Microtonal tuning systems have provided the underlying architecture for some of the most intriguing and sumptuous works of the past century; yet even among adventurous listeners, there is still some prejudice about these approaches. In the press release accompanying his debut release as a composer, Rag’sma, Christopher Otto attempts to dispel these assumptions. “I don’t think one needs to understand the mathematics at all to enjoy this music,” he states plainly. Otto is known as one of the violinists of the JACK Quartet, one of the world’s premier contemporary-music string quartets. Their reputation partly stems from their masterful interpretations of works in just intonation—music based on microtonal adjustments to the harmonic series.
Conceived for either two or three string quartets, Rag’sma gradually blossoms over nineteen minutes. Both versions are found on the album, each performed by JACK. The key to Rag’sma’s shimmering otherworldliness is its namesake: a ragisma is an interval so miniscule (a ratio of 4375:4374) that most would deem it imperceptible. That doesn’t stop Otto from employing an ultra-slow drift of precisely this span to pry open an entire world of colour. Suffice to say, this performance is nothing short of a virtuosic feat in precision—one that few other ensembles in the world could even attempt to execute.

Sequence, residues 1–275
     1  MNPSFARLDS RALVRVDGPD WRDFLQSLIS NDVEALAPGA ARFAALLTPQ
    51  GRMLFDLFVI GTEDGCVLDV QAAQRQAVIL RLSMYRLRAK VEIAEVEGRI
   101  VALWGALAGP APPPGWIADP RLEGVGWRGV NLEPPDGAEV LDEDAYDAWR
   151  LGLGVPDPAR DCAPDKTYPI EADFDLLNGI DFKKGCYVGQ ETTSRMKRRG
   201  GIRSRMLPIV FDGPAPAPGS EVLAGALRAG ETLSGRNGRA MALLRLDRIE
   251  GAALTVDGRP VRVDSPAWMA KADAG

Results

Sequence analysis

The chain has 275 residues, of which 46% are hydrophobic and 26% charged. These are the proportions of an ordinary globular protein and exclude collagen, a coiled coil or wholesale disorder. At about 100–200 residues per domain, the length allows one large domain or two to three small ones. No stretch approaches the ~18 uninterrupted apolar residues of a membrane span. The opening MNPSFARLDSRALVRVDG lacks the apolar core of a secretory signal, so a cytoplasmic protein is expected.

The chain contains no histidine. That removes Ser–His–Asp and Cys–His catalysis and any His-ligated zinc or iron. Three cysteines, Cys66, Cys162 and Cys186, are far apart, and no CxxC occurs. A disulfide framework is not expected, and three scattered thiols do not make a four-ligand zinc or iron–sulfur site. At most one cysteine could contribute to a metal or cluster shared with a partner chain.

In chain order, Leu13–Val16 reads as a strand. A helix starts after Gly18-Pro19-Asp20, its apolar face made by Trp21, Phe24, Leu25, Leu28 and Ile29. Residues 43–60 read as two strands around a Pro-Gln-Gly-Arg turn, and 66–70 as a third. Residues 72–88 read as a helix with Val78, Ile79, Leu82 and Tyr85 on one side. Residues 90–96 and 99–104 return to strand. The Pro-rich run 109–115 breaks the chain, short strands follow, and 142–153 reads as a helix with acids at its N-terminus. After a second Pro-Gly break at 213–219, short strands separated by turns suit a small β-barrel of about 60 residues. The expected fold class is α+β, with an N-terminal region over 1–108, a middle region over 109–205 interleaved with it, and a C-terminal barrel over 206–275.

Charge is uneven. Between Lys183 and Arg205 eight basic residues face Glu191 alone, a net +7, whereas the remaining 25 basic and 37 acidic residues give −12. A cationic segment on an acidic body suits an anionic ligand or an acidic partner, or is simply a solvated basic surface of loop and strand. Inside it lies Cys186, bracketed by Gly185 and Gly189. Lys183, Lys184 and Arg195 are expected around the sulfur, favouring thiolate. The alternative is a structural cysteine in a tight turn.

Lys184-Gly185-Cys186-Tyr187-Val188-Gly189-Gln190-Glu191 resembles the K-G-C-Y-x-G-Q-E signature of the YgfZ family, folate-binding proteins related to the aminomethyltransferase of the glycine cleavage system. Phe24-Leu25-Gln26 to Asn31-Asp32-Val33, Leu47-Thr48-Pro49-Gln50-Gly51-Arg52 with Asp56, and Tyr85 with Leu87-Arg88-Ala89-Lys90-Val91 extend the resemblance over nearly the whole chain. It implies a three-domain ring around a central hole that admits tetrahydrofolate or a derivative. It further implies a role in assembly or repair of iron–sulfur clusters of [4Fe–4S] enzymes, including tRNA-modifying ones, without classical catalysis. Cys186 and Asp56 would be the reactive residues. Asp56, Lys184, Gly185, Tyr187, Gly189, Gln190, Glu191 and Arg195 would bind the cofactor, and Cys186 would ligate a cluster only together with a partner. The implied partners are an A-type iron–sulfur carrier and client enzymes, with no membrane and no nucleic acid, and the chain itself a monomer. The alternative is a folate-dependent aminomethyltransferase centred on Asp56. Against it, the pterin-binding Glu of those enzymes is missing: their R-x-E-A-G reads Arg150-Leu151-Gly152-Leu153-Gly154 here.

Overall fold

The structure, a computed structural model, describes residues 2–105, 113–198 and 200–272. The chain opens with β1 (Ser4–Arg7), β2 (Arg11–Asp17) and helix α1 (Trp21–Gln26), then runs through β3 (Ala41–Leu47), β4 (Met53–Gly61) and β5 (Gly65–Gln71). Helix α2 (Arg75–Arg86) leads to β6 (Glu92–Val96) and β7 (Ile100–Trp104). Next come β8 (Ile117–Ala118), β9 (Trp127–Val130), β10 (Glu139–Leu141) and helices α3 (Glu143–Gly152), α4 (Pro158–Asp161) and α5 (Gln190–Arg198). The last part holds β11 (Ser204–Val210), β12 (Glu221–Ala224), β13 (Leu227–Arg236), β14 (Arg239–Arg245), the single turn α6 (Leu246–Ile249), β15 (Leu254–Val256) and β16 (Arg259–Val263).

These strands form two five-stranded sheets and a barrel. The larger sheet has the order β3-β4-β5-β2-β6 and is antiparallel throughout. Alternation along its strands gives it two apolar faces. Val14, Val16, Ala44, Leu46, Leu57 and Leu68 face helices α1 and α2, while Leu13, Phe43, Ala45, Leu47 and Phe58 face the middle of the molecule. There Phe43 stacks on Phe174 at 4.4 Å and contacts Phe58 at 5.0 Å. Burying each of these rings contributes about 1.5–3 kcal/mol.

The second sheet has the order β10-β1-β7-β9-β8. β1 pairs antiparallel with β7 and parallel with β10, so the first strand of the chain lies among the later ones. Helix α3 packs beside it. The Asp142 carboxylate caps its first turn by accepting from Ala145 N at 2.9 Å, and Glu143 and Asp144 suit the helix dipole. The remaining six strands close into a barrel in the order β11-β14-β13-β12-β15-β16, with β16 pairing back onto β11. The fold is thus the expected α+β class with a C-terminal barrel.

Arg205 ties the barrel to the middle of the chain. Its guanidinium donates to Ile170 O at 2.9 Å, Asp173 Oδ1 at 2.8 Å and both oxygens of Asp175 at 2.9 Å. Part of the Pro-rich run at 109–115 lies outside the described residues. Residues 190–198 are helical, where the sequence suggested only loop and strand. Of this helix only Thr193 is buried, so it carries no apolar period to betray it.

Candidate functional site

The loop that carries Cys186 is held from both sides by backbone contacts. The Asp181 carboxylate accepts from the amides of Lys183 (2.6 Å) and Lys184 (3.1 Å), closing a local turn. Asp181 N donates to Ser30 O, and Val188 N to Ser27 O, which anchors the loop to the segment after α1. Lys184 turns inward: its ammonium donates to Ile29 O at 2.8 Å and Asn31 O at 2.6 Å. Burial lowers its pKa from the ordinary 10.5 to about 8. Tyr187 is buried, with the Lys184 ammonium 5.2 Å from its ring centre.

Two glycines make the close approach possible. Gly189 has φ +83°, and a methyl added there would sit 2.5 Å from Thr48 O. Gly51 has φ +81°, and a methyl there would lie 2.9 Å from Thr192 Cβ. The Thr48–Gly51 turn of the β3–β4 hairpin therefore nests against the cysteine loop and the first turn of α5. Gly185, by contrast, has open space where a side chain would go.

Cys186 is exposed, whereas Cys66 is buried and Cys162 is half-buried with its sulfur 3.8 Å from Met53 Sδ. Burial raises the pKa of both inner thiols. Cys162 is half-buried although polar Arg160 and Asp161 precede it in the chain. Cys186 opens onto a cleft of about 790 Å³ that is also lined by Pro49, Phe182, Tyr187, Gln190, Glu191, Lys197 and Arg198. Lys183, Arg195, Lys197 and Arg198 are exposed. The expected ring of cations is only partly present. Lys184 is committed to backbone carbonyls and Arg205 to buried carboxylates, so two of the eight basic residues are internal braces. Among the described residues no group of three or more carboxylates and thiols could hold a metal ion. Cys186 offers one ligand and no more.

Rag’sma offers a full, lustrous sound that seems to transcend its instrumentation. Aside from the titular interval, Otto’s material tends toward pure sonorities, giving the impression that the strings have merged into one single instrument. As the minute differences of frequency emerge between each subgroup, they send gentle quivers throughout these flocks of tone. The mechanics of the piece seem more transparent in the eight-player rendition, yet the additional layers of its twelve-player counterpart is both more sonorous and more disorienting. Throughout each iteration, rather than affecting the overall tonality, the subtle modulations of pitch produce an undulating metallic sheen of ever-changing hue.
Rag’sma is a radiant, mesmeric, and utterly singular listening experience, but also a beautiful demonstration of microtonal possibility. Regardless of the listener’s grasp of the underlying math, Otto’s meditation on perception itself is palpable through his elegant dissolution of perceptual boundaries.